Anyone who is in any way a fan of Genre and Exploitation Cinema should know the name Dwain Esper.   Basically, what he and his wife, Hildegarde Stadie, would do was take their little films, like Maniac (aka Sex Maniac), from town to town and exhibit them in roadshow style at local theaters and burlesque houses, appealing to the prurient interest of both male and female audiences.  Well-versed in the carnival tradition, Esper was no dummy, and he knew how to both satisfy his audience and skirt decency laws.  Essentially, he advertised his films as being educational or, barring that, moralistic and therefore uplifting to his audience’s character.  This is why there are often text cards or crawls which interrupt the film’s story (such as it is)to give the audience some cursory edification about a given subject (for example, medical descriptions of Dementia Praecox, Paranoiacs, Paresis, and Manic-Depressive Psychoses).  The restrictive Hays Code (aka the Motion Picture Production Code) was enacted into law in 1930 and started being enforced in 1934 (and would be in effect until 1968) by the Breen Office which was a giant thorn in the side of exploitationeers, but this in no way slowed down Esper and his wife.  This is the ball which such luminaries of Exploitation as Kroger Babb (of the infamous Mom And Dad), H.G. Lewis, and Roger Corman would pick up and run with (not always in the right direction, but that it moved at all is significant) for decades to come.  And his influence is still felt today, in my opinion.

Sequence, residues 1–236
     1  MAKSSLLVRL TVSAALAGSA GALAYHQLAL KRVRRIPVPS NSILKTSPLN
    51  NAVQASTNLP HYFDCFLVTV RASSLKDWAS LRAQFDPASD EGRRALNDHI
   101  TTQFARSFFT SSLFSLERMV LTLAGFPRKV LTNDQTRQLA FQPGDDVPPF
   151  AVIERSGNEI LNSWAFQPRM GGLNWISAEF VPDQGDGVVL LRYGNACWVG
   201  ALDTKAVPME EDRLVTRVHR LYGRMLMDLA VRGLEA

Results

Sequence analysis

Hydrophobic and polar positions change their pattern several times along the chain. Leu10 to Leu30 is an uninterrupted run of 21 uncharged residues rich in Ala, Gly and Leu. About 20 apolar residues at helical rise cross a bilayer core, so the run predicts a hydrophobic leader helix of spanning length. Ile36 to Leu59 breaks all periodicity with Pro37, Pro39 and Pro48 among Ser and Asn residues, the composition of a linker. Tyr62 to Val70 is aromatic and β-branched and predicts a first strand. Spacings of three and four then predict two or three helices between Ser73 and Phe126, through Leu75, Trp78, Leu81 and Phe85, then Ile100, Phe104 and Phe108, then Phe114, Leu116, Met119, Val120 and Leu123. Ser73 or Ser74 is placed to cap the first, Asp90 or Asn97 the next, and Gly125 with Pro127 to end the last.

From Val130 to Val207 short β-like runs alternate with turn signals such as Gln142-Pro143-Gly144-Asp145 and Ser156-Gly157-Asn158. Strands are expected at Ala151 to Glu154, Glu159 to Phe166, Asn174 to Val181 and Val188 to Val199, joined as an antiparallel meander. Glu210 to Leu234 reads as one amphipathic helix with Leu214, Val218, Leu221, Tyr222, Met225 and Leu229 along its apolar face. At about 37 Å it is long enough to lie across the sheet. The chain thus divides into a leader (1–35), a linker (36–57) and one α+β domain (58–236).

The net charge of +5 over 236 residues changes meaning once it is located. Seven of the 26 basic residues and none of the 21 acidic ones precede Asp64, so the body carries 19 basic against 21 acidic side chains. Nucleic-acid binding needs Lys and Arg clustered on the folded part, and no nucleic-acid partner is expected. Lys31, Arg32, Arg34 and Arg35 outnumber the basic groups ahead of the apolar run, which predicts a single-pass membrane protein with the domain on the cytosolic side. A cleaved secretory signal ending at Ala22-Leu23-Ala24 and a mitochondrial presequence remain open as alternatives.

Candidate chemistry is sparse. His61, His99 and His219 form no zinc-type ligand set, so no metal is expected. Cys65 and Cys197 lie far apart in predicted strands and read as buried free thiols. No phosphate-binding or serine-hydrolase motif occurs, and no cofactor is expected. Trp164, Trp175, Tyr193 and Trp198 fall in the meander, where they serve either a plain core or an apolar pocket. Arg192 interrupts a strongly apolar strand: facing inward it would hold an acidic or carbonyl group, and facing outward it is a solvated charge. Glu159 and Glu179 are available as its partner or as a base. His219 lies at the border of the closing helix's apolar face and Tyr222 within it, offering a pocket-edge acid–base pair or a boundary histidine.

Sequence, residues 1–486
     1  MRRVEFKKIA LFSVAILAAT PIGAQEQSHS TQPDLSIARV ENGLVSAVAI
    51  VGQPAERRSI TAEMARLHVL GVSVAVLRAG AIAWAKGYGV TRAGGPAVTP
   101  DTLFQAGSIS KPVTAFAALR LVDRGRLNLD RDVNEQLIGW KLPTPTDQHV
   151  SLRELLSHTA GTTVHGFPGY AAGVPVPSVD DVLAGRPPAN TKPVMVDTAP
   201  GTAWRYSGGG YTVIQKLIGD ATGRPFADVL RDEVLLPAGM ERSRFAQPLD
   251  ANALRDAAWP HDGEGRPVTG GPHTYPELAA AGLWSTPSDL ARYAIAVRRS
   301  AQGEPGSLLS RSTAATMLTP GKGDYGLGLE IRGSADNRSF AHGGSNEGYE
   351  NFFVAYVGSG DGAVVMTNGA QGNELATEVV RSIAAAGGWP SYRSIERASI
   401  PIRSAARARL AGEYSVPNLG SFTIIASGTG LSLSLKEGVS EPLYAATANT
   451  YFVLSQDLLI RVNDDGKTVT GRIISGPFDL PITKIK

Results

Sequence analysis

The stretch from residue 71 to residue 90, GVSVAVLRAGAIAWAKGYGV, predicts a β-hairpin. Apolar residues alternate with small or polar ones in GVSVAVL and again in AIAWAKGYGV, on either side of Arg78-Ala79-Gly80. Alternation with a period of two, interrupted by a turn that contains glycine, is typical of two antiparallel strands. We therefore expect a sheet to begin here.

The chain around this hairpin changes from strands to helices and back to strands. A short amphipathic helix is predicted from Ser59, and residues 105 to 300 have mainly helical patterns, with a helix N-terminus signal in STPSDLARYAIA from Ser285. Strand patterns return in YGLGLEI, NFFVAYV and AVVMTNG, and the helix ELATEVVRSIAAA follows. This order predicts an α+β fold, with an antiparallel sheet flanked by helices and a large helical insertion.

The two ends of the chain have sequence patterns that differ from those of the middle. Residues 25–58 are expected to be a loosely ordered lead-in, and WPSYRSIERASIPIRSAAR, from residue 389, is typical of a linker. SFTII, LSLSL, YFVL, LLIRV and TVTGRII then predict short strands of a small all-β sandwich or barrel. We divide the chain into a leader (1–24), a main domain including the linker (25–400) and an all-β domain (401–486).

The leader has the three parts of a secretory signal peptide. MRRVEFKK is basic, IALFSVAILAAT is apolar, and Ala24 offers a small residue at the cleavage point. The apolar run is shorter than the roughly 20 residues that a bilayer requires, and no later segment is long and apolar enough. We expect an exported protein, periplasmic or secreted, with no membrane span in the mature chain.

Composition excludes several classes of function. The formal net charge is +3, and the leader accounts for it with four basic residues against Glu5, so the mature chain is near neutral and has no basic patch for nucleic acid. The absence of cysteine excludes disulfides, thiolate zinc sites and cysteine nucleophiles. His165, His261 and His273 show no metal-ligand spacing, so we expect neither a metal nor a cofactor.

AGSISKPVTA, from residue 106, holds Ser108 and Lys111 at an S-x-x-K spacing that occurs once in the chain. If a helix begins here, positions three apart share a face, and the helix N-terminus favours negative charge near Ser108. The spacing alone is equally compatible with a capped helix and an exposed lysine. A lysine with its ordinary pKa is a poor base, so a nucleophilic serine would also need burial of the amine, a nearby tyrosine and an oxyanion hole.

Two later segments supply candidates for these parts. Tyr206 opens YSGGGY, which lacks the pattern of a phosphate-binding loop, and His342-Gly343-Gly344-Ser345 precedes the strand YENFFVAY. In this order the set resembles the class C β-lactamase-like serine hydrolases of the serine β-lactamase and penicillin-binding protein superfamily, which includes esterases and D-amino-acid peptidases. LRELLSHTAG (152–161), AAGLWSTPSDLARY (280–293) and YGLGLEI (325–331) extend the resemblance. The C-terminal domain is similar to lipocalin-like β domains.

When we think of the past (or at least when I do, and particularly the past as depicted in visual media of the day), it is typically very clean, sanitized in a way.  It’s not the past, per se, but how its producers want the past to be remembered.  People didn’t have genitals (a notable exception to this being actress and libertine Louise Brooks).  People didn’t die violently.  The good guys always won.  The State always had its people’s best interests in mind rather than its own agenda.  It’s a fabrication, but damn if it hasn’t become the truth (or the popular truth, at any rate).  Film’s like this one are examples of sleaze which feel more transgressive for the times in which they were created, because we (okay, me) still have it in our heads that what we’ve been show about this era is honest for the most part.  So you feel a little dirtier seeing a woman’s bare breasts as she’s virtually raped by Maxwell’s latest patient, Buckley (Ted Edwards).  It feels somehow more wrong watching an erstwhile actor pop out a cat’s eyeball and eat it (though I’m fairly sure they didn’t actually do that on set, to be honest) in the film’s most (in)famous scene.  Of course, after having seen such transgressive films as Cannibal Holocaust and Salò, Maniac feels a bit old-fashioned, but it still doesn’t feel 100% okay, either.